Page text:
|Topic||Women's view||Men's view|
|preferred type of pet||Persian cat||100-pound Doberman|
|time to ask for directions||when hopelessly lost||never|
|guilty pleasure||Häagen-Dazs||lighting farts|
|favorite restaurant||Le Chateau Francaise||Chew and Screw Buffet|
|definition of foreplay||kissing and caressing||"Wanna have sex?"|
|good date movie||Love Story||any Die Hard flick|
|desired spontaneous gift||flowers||blow job|
|favorite singer||George Michael||GEORGE MICHAEL???|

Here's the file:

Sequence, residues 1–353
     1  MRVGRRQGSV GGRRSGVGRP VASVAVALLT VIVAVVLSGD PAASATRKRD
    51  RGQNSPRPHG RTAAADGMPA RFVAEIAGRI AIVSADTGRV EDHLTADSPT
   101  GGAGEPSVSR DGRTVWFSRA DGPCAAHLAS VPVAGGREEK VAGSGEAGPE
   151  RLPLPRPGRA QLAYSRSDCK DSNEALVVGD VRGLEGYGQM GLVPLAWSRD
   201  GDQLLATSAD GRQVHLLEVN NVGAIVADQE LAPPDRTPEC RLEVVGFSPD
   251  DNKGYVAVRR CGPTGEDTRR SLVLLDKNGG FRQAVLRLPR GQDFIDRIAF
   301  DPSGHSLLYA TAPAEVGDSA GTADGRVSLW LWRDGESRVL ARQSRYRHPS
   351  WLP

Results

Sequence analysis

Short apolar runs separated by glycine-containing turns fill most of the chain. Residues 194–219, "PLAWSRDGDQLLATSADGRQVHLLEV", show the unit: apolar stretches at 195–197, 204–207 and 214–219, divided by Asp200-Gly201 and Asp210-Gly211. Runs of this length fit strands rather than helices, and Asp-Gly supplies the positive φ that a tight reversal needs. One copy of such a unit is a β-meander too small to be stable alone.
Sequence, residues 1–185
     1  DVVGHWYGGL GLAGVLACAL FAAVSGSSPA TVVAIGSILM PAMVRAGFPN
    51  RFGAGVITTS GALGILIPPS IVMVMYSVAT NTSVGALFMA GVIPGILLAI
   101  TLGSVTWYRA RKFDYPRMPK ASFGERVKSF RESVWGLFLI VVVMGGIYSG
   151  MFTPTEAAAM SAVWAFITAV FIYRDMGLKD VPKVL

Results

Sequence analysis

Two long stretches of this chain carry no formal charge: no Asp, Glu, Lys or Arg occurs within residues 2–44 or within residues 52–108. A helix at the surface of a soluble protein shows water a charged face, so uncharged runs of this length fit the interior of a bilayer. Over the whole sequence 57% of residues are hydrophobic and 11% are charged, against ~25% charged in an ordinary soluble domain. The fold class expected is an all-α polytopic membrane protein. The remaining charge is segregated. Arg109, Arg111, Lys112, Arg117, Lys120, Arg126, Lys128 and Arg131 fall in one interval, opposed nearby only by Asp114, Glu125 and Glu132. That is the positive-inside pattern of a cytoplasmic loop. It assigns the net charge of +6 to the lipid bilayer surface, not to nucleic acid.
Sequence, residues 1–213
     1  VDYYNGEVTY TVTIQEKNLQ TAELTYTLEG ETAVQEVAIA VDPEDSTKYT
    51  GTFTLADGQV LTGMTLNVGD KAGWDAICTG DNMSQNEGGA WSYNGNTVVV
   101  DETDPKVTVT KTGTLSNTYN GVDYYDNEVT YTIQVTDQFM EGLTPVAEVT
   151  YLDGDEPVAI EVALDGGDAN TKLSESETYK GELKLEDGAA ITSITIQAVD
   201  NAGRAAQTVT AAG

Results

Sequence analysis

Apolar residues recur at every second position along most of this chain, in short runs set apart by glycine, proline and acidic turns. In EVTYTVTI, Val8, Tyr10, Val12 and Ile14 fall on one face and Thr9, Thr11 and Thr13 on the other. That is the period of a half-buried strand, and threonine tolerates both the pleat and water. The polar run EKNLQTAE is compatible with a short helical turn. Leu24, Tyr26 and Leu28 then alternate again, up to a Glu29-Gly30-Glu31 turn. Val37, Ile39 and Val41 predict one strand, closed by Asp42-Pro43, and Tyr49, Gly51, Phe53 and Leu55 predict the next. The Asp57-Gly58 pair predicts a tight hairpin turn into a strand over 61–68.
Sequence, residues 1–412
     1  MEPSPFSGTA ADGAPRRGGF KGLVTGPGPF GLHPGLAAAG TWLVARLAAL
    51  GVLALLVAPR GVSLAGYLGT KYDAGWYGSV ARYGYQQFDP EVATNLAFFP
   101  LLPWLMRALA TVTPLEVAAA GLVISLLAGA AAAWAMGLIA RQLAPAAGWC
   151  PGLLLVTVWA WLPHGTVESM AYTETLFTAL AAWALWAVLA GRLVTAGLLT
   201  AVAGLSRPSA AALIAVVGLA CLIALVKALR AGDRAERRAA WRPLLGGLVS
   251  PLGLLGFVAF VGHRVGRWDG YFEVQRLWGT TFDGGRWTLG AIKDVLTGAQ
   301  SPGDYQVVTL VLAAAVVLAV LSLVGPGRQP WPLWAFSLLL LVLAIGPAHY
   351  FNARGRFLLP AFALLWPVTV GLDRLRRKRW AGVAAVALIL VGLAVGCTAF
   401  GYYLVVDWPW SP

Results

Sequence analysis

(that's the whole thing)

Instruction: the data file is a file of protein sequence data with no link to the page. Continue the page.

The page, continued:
One of the first things a man notices when a relationship turns serious is a feeling of encroachment on his time and space. No longer can he follow every whim and go out drinking with his buddies or take off for the weekend whenever it suits him - he must arrange his plans around his partner, or at least inform her of his whereabouts so that she doesn't worry. What do women worry about? Gaining weight. No, wait, we're talking about relationships here. They worry that their men don't want them anymore. A woman needs constant reassurance that her man still cares about her. This causes great irritation to both people when the man wants to be footloose and fancy free, and the woman gets on his case about not calling her or not spending enough time with her. Many men find it an inconvenience to have to pamper their women, and sometimes view them as weak little children for needing so much attention. This problem stems from the fact that men focus on activities and gadgets while women focus on relationships. It's a two-way street: as silly as women might look to men for needing hugs and conversation, men look equally silly to women for spending their time and energy on home projects or the Internet instead of their loved ones.